September 2021
Volume 21, Issue 9
Open Access
Vision Sciences Society Annual Meeting Abstract  |   September 2021
The Role of Kinematic Properties in Multiple Object Tracking
Author Affiliations
  • Yang Wang
  • Edward Vul
Journal of Vision September 2021, Vol.21, 1856. doi:
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      Yang Wang, Edward Vul; The Role of Kinematic Properties in Multiple Object Tracking. Journal of Vision 2021;21(9):1856. doi:

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      © ARVO (1962-2015); The Authors (2016-present)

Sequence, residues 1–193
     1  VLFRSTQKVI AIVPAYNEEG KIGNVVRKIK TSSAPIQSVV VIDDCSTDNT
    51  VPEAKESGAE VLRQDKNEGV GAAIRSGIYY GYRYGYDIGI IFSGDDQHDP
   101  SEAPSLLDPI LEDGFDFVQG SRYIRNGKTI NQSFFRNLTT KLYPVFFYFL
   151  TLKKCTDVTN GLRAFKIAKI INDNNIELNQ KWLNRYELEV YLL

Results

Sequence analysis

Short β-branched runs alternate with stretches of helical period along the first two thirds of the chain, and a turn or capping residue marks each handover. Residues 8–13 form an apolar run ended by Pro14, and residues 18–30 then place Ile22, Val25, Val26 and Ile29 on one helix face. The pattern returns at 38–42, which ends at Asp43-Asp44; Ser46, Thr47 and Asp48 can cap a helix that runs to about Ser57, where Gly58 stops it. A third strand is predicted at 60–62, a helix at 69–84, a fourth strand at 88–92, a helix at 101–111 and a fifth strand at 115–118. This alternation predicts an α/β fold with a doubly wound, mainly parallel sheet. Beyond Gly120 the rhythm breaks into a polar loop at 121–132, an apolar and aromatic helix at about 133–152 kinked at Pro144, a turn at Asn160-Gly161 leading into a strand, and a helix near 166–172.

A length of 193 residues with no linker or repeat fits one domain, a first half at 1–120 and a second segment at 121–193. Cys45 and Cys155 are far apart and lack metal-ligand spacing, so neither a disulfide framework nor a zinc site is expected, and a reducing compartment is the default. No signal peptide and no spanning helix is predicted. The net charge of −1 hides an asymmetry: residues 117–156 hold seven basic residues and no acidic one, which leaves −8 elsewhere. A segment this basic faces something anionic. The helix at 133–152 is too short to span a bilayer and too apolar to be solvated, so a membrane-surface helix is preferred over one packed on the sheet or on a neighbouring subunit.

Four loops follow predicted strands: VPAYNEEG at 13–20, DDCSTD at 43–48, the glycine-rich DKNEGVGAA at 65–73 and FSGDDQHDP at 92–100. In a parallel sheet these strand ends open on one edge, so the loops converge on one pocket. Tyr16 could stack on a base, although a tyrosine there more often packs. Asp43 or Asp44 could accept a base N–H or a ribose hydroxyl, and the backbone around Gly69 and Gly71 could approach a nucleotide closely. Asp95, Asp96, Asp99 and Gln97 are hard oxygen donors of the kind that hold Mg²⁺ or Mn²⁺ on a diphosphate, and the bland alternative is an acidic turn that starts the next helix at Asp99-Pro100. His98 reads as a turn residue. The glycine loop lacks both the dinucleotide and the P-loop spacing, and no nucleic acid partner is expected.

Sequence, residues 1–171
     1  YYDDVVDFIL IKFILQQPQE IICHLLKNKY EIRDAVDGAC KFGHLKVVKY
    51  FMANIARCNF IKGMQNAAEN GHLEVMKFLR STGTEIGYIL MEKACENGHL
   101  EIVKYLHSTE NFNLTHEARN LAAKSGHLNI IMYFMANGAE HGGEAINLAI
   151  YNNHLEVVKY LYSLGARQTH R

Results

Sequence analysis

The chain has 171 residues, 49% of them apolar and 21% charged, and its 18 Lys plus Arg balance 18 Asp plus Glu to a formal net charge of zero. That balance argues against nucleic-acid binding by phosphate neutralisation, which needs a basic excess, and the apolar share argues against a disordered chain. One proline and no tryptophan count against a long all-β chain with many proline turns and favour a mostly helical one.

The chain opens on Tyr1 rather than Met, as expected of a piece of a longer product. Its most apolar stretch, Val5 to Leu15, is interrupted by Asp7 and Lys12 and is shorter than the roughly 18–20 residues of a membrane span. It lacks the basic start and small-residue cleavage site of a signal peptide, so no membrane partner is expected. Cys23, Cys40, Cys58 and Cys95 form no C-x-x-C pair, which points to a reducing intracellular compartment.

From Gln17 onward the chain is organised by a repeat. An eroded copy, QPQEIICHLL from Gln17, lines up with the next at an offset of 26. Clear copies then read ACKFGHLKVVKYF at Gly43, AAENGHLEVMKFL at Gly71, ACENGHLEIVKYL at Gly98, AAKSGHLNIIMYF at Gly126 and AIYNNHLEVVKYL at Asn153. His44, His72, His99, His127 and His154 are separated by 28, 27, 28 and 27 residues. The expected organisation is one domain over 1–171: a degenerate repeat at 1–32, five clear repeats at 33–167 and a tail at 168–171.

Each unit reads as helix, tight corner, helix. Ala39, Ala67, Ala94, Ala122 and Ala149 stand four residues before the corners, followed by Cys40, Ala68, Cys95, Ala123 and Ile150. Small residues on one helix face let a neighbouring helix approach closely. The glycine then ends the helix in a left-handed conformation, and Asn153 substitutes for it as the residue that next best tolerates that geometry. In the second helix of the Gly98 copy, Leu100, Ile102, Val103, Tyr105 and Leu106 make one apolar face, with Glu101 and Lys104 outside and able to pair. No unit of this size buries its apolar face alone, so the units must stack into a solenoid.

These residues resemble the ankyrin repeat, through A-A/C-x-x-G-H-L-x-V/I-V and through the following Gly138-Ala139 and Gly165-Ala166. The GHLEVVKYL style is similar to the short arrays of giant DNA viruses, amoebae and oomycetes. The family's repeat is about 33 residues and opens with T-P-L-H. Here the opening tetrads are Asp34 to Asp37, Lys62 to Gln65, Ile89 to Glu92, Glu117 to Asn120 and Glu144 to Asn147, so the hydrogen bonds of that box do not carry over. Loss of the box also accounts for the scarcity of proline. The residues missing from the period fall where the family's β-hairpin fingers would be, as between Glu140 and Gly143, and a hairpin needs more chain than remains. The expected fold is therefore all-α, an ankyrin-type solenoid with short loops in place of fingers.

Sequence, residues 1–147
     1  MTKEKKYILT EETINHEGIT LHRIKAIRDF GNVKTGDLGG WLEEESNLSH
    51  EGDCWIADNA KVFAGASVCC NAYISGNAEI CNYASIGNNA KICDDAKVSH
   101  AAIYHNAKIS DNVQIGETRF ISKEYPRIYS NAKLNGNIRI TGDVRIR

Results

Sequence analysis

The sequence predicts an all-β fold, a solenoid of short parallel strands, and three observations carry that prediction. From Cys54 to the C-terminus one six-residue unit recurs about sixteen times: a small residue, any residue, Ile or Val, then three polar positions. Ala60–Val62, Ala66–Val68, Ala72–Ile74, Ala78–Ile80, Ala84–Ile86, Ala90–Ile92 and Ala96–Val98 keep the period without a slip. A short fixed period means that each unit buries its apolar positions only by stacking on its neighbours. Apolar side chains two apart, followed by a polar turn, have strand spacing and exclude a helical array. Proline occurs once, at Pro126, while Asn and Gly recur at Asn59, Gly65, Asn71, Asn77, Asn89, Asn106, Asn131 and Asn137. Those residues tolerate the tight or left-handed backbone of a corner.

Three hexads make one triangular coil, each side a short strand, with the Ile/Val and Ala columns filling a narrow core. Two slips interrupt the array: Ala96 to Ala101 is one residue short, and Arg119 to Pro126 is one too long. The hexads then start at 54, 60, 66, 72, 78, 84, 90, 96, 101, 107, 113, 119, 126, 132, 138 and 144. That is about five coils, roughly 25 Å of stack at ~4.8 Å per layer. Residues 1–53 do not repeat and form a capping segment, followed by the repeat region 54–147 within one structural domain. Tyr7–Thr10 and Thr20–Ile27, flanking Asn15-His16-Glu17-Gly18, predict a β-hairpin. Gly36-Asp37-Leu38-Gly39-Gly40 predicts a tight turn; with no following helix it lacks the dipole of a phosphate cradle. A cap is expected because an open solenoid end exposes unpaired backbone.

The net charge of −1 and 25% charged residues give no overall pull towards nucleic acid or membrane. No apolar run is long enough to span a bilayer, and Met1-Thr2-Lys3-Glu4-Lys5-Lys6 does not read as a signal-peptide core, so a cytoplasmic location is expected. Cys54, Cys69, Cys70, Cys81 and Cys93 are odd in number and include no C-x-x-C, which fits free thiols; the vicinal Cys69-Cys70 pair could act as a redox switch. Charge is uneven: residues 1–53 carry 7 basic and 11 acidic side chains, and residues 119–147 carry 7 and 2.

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[Introduction] People commonly track objects moving in complex natural displays and their performance in the “multiple object tracking” (MOT) paradigm has been used to study this visual attention task for over three decades. Given the theoretical and practical importance of object tracking, it is critical to understand how people solve the correspondence problem to track objects; however, it remains unclear what information people use to achieve this feat. In particular, while people can track multiple moving objects based on their positions, there is ambiguity whether people can track objects via higher order kinematic information such as velocity. [Method] We explicitly test whether people can use instantaneous velocity direction to solve the correspondence problem during multiple object tracking when positional information is completely ambiguous. And we further test whether acceleration direction can also be used for tracking when object position and instantaneous velocity direction are both uninformative. [Results] We show that people use velocity direction when it is necessary to disambiguate targets from distractors. However, tracking via velocity is less accurate than tracking via position alone, indicating that velocity simply does not provide as an informative cue as position. Furthermore, observers fail to use acceleration to track objects, even though they can reliably detect the acceleration cue. This pattern of results indicates that the failure to use acceleration during object tracking reflects which kinematic information is used to resolve correspondence. Finally, we demonstrate that the extent to which velocity, but not acceleration, is used varies with “kinematic load” – the number of object pairs requires velocity information simultaneously. Together, these results indicate a hierarchy of kinematic information for tracking – position is most precise and most useful, but velocity can still be used to solve the correspondence problem; acceleration, in contrast, seems to be largely not used for multiple object tracking.


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